Micro-Market Recovery Program hopes to redevelop foreclosed homes, neighborhood by neighborhood (Chicago Reporter)

By Yana Kunichoff

January 23, 2012

 

 

Chicago is a city of neighborhoods, and Mayor Rahm Emanuel couldn't agree more: This year, he began the second section of his neighborhood-based redevelopment plan that focuses recovery on some of the hardest-hit communities.

 

Humboldt Park, Chatham, Chicago Lawn, West Woodlawn, Auburn-Gresham, West Pullman, Belmont-Cragin, Englewood and Grand Boulevard will all be part of the Micro-Market Recovery Program, which will use a $20 million loan pool to help community groups, nonprofits and private developers buy the properties with city loans and get them in shape and back on the market.

 

“Given the number of vacant, foreclosed properties in the City of Chicago, it’s important to take a very targeted approach to this type of problem,” said Tom Feltner, vice president of the Woodstock Institute.

 

The latest round of micro-market loans will be directed at West Pullman, Belmont Cragin, and Chatham. In December, Chicago saw more than 12,075 houses receive a foreclosure filing.

 

In the 60639 ZIP code, which includes Belmont-Cragin, 2,331 properties were in preforeclosure status, according to RealtyTrac, a website that follows foreclosures for possible sale. Preforeclosure status is when the owner of the property has filed a default notice on the property but not yet been foreclosed.

 

“This is costing the City of Chicago a significant amount of money,” Feltner continued, “and it’s clearly going to take a significant amount of resources to return properties to productive use. It’s important to identify which types of strategies are going to work in this type of pilot program.”

 

But Simon Swartzman, with Communities United Against Foreclosures and Evictions, questions whether the Micro-Market Recovery Program will tackle any of the deeper causes of foreclosure. “We’re still giving money to banks, which have yet to be sufficiently punished for the foreclosure crisis,” said Swartman, who volunteers primarily in the Austin community.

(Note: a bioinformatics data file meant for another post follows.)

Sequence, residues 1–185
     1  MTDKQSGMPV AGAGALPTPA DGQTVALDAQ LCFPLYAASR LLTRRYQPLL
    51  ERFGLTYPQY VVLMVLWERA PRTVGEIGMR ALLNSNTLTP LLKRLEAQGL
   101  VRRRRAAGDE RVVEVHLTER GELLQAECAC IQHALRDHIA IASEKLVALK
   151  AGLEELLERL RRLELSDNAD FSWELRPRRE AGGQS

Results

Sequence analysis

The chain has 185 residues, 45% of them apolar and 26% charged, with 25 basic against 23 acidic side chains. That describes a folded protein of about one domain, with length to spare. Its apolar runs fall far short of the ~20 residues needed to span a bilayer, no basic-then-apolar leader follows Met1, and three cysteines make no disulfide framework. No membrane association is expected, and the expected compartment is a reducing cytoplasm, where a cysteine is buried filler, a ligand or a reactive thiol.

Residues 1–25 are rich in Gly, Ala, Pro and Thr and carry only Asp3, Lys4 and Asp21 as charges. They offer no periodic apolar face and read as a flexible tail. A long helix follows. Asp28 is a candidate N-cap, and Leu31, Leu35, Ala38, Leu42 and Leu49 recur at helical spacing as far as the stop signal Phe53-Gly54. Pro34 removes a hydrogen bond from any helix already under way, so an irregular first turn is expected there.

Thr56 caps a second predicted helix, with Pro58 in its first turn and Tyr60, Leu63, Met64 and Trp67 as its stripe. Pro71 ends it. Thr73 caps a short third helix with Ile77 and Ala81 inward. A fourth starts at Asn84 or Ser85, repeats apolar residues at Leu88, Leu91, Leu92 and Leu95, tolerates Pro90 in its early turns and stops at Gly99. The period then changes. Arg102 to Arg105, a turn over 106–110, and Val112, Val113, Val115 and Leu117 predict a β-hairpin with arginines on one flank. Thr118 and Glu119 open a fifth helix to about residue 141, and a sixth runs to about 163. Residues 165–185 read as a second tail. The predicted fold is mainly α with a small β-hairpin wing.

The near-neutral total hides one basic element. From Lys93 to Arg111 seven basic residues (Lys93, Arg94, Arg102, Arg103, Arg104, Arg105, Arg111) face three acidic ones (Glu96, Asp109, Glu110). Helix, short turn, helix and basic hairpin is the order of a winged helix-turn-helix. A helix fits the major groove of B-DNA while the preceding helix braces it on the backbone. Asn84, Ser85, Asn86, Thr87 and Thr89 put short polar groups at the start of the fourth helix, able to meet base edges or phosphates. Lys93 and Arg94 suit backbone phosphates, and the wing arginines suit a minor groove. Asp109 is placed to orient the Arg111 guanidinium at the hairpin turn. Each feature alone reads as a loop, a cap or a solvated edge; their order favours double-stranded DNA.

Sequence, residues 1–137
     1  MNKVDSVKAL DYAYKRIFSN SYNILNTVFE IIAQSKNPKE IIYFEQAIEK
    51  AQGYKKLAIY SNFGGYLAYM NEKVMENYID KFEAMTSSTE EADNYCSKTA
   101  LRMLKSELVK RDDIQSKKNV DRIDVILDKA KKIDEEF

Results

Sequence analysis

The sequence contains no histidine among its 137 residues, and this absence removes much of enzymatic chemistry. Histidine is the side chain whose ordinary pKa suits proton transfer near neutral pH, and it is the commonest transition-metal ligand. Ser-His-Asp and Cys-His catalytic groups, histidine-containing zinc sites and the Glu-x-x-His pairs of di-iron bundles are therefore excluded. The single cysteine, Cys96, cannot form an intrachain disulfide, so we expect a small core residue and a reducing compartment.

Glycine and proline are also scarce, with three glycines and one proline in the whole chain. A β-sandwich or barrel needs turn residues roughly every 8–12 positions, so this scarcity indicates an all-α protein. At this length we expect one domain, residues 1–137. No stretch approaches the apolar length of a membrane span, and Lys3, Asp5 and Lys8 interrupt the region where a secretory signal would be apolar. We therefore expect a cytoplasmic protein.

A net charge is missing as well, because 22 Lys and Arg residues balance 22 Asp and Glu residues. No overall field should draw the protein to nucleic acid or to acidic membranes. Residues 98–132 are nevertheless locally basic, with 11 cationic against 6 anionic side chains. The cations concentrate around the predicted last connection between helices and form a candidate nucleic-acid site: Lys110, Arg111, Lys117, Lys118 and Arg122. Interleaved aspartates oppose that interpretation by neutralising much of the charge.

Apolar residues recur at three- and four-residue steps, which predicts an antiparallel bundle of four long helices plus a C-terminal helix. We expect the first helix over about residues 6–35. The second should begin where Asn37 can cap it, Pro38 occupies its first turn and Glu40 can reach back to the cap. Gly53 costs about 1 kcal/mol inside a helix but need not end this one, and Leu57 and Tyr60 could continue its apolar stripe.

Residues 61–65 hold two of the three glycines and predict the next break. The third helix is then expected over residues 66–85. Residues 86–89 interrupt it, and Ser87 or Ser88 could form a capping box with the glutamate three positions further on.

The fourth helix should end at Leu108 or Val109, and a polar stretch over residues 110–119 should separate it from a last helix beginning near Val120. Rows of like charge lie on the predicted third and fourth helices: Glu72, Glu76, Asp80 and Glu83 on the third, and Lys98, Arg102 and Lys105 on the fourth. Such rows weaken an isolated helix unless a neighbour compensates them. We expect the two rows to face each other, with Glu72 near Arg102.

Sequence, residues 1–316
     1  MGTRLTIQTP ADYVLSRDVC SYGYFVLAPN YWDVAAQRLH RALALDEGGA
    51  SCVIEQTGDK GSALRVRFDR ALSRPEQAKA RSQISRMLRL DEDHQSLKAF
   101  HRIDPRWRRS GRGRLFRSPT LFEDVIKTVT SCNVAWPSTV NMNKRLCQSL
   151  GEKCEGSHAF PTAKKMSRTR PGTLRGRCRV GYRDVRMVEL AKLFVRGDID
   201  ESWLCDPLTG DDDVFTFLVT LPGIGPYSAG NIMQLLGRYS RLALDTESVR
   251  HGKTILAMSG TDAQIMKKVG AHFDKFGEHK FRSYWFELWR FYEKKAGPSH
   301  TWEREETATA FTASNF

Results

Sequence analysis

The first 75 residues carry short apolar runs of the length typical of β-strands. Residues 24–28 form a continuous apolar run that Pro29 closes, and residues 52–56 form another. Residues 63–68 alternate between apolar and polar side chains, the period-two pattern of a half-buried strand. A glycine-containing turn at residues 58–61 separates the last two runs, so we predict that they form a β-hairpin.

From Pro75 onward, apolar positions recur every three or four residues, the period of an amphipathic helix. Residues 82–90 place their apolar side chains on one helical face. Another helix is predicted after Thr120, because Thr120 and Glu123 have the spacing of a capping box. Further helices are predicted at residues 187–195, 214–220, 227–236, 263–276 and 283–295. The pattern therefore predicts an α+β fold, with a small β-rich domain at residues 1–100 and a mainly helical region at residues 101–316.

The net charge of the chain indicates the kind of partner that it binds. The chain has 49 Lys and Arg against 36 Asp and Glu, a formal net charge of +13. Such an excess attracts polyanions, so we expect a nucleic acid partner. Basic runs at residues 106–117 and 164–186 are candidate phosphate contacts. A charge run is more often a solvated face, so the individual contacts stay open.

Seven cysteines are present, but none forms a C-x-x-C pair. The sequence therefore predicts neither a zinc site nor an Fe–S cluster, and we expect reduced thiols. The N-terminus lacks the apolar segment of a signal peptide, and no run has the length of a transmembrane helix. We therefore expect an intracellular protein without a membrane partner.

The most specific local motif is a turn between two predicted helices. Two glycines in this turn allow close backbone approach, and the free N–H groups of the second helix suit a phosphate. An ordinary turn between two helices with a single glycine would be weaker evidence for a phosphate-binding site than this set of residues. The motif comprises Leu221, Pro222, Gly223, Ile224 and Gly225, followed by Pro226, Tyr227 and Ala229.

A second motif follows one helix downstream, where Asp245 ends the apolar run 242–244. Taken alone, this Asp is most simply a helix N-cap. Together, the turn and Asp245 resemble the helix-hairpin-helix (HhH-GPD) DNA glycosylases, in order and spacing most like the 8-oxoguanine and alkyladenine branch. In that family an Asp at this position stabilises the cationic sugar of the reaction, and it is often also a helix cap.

Another possible issue is affordability, Feltner said. “There is an acute affordability problem in the city and in the region," he said. "I think anytime that you look at returning properties back to productive use, especially when you have seen this many properties in the foreclosure process, it’s important to keep issues of diversity and housing affordability in mind.”

 

 

*These clippings are provided for "fair use" not-for-profit, educational purposes (and other related purposes). If you wish to use this copyrighted material for purposes of your own that go beyond "fair use," you must obtain permission from the copyright owner. Please contact Woodstock Institute for more information.

Chicago is a city of neighborhoods, and Mayor Rahm Emanuel couldn't agree more: This year, he began the second section of his neighborhood-based redevelopment plan that focuses recovery on some of the hardest-hit communities.
Humboldt Park, Chatham, Chicago Lawn, West Woodlawn, Auburn-Gresham, West Pullman, Belmont-Cragin, Englewood and Grand Boulevard will all be part of the Micro-Market Recovery Program, which will use a $20 million loan pool to help community groups, nonprofits and private developers buy the properties with city loans and get them in shape and back on the market.
“Given the number of vacant, foreclosed properties in the City of Chicago, it’s important to take a very targeted approach to this type of problem,” said Tom Feltner, vice president of the Woodstock Institute.
The latest round of micro-market loans will be directed at West Pullman, Belmont Cragin, and Chatham. In December, Chicago saw more than 12,075 houses receive a foreclosure filing.
In the 60639 ZIP code, which includes Belmont-Cragin, 2,331 properties were in preforeclosure status, according to RealtyTrac, a website that follows foreclosures for possible sale. Preforeclosure status is when the owner of the property has filed a default notice on the property but not yet been foreclosed.
“This is costing the City of Chicago a significant amount of money,” Feltner continued, “and it’s clearly going to take a significant amount of resources to return properties to productive use. It’s important to identify which types of strategies are going to work in this type of pilot program.”
But Simon Swartzman, with Communities United Against Foreclosures and Evictions, questions whether the Micro-Market Recovery Program will tackle any of the deeper causes of foreclosure. “We’re still giving money to banks, which have yet to be sufficiently punished for the foreclosure crisis,” said Swartman, who volunteers primarily in the Austin community.
Another possible issue is affordability, Feltner said. “There is an acute affordability problem in the city and in the region," he said. "I think anytime that you look at returning properties back to productive use, especially when you have seen this many properties in the foreclosure process, it’s important to keep issues of diversity and housing affordability in mind.”